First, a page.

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Battle of Cape Kaliakra
Part of the Russo-Turkish War, 1787-1792
Date11 August 1791
LocationCape Kaliakra off the coast of northern Bulgaria in the Black Sea
Result Inconclusive
 Russian Empire  Ottoman Empire
Commanders and leaders
Russian EmpireAdmiral Fyodor Ushakov Ottoman EmpireHussein Pasha,
Said Ali
15 battleships
2 frigates,
19 small crafts
18 battleships
10 frigates,
7 small frigates,
48 small crafts,
The coastal battery
Casualties and losses
17 killed and 28 wounded, and 1 ship damaged Unknown

The Battle of Cape Kaliakra or Battle off Cape Kaliakra was the last naval battle of the Russo-Turkish War of 1787-1792. It took place on 11 August 1791 off the coast of northern Bulgaria in the Black Sea. Neither side lost a ship, but the Ottomans retreated to Constantinople afterwards.

The Russian fleet under Fyodor Ushakov of 15 battleships and 2 frigates (990 guns) and some small craft sailed from Sevastopol on 8 August, and at midday on 11 August encountered the Ottoman-Algerian fleet under Hussein Pasha of 18 battleships and 17 frigates (1,500–1,600 guns) and some smaller craft at anchor just south of Cape Kaliakra. Ushakov sailed, in 3 columns, from the north-east, between the Ottomans and the cape, despite the presence on the cape of several guns. Said Ali, the commander of the Algerian ships, weighed anchor and sailed east, followed by Hussein Pasha with the 18 battleships. The Russians then turned around south to a parallel east-south-east course and formed up mostly into 1 line, with Ushakov in 3rd position and one ship out of line on the off-battle side. Said Ali, leading the line, turned north to try to double the Russian van, but Ushakov sailed out of the line and attacked him, as the rest of the Russian fleet approached. This was at 4.45 p.m.. Gradually the Turks turned to the south and when darkness put an end to fighting at 8.30 p.m. they were in full retreat to Constantinople. Russian casualties were 17 killed and 28 wounded, and Sv. Aleksandr Nevskii was damaged.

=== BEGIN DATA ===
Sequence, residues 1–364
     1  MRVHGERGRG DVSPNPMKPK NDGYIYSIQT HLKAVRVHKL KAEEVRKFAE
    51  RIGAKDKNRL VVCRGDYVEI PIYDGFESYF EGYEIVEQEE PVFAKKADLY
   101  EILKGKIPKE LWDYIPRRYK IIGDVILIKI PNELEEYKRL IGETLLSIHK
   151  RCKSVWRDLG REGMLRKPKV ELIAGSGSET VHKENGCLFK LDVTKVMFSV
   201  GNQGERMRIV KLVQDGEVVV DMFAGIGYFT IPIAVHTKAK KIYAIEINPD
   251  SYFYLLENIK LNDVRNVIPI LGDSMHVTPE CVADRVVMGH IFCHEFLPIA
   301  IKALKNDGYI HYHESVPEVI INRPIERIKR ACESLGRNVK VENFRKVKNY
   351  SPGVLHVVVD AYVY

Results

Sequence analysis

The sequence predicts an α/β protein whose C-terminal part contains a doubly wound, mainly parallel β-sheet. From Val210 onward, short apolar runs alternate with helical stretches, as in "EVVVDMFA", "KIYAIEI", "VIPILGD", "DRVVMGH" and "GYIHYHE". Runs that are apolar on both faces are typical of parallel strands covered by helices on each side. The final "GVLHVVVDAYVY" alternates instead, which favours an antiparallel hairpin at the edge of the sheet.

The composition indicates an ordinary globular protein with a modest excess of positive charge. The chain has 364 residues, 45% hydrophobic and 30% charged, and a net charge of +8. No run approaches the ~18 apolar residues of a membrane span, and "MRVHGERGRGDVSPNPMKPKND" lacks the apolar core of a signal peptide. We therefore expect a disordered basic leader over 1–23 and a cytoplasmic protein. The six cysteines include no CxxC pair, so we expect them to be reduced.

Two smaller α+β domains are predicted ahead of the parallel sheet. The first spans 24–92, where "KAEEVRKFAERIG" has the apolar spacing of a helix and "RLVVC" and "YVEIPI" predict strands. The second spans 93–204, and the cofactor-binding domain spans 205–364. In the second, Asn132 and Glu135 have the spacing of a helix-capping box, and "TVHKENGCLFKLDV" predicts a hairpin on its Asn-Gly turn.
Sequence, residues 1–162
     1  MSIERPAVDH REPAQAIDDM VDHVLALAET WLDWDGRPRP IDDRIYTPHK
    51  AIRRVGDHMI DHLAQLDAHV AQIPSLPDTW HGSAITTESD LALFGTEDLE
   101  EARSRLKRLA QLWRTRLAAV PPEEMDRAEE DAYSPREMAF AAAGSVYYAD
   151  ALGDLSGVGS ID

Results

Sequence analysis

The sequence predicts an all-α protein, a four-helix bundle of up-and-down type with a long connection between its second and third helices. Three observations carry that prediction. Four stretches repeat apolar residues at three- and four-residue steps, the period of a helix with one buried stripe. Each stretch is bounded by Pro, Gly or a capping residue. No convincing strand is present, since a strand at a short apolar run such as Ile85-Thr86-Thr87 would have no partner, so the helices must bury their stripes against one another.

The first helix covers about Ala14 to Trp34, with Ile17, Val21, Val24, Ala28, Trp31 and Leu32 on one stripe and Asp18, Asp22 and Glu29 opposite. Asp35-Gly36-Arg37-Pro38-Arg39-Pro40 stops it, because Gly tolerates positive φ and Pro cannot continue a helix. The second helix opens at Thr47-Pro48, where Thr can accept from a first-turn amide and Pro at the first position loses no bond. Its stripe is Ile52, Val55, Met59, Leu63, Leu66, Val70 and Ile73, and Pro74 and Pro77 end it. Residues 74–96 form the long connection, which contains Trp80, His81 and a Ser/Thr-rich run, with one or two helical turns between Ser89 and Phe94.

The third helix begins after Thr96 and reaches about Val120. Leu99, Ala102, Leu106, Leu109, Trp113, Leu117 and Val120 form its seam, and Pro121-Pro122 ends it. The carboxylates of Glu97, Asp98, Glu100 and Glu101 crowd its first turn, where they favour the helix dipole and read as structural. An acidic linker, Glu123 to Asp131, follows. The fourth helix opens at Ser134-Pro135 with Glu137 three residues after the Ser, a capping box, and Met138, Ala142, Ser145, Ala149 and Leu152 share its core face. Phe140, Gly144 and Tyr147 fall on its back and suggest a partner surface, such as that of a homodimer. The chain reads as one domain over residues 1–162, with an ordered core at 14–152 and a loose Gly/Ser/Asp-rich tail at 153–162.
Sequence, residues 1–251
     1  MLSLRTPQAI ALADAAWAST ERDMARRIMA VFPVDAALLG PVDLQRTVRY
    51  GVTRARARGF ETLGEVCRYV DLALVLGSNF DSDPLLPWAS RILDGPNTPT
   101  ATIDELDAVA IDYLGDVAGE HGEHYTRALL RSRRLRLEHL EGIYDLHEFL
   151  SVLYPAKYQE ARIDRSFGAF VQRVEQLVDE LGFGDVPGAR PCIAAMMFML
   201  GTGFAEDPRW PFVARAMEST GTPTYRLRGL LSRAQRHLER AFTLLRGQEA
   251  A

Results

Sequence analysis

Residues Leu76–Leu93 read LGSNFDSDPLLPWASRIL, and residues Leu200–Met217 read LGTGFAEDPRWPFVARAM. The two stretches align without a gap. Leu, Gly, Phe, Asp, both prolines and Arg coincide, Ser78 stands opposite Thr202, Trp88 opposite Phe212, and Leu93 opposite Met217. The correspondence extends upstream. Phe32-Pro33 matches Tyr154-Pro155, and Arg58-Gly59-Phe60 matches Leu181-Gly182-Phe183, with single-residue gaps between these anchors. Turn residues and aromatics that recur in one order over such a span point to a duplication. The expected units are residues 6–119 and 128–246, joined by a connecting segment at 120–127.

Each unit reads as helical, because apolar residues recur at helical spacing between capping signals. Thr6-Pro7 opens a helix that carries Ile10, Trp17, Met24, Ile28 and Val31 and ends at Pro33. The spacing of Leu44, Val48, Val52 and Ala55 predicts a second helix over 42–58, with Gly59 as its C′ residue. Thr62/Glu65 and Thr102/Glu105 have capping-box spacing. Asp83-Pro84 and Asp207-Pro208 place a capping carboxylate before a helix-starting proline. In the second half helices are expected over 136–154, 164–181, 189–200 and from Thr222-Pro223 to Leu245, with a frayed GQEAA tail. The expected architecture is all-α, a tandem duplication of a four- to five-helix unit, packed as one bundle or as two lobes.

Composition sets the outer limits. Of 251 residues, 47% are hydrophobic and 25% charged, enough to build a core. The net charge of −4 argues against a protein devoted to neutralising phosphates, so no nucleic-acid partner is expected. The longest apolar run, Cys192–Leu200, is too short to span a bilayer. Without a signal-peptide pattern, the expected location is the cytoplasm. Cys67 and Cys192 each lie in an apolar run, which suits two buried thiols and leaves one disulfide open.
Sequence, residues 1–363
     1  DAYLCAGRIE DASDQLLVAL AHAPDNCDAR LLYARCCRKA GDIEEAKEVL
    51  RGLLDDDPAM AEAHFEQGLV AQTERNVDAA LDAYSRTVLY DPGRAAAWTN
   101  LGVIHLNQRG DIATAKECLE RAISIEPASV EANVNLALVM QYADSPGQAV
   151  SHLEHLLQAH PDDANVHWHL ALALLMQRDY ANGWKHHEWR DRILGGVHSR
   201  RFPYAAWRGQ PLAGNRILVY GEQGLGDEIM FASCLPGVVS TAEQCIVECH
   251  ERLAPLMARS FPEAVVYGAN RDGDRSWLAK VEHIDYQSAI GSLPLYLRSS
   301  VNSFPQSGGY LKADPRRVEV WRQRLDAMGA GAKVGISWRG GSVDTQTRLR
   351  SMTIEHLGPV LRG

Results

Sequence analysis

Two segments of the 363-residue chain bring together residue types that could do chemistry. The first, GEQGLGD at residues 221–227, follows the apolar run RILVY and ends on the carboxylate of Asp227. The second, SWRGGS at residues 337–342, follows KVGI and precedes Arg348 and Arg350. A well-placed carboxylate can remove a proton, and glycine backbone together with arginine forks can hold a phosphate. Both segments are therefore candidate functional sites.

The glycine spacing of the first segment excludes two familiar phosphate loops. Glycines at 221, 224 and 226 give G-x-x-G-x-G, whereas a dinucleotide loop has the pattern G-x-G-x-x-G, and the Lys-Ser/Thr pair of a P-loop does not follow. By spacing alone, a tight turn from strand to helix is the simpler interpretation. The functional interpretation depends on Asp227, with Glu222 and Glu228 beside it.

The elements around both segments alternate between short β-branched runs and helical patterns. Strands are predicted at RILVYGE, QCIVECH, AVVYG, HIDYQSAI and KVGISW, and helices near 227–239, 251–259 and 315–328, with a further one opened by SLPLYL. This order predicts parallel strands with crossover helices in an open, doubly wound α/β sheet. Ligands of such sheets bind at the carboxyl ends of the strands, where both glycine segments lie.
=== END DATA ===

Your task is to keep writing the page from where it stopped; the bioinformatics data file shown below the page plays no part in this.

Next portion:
Ships involved[]

Russia (Ushakov)[]

Rozhdestvo Christovo 84 (The Birth of Christ) (flag)
Ioann Predtecha 74 (John the Precursor)
Maria Magdalina 66 (Mary Magdalene)
Preobrazhenie Gospodne 66 (Transfiguration of the Lord)
Sv. Pavel 66 (St Paul)
Sv. Vladimir 66 (St Vladimir)
Leontii Mutchenik 62 (Martyr Leonty)
Sv. Aleksandr Nevskii 50 (St Alexander Nevsky)
Sv. Andrei Pervozvannyi 50 (St Andrew the First-called)
Sv. Nikolai 50 (St Nicholasdisambiguation needed)
Feodor Stratilat 46 (Theodore Stratelates)
Ioann Bogoslov 46 (John the Theologian)
Navarchia Voznesenie Gospodne 46 (Navarchy Ascension of the Lord)
Sv. Petr Apostol 46 (St Peter the Apostle)
Tsar Konstantin 46 (Tsar Constantine)
Fanagoria 40 (Phanagoria)
Makropolea Sv. Mark Evangelist 36
Rozhdestvo Christovo (The Birth of Christ) (bomb)
Sv. Ieronim (St Jerome) (bomb)
? (fireship)
? (repeater ship)
Panagia Apotumengana (Panagia of Taman) (privateer) 14
16 privateers

Ottoman Turkey/Algeria/Tripoli (Hussein Pasha)[]

18 battleships
10 large frigates
7 smaller frigates
43 small


Battle has approached the end of Russian-Turkish war which has ended with signing of the Jassy peace treaty.

Tactics used by Ushakov, was a serious innovation in the theory of sea fight. After that similar maneuver used admiral Nelson in Battle at Aboukir in 1798 and Trafalgar battle in 1805.

For a victory at Kaliakrii Sacred Alexander Nevsky's award has been welcomed F.F. Ushakov.


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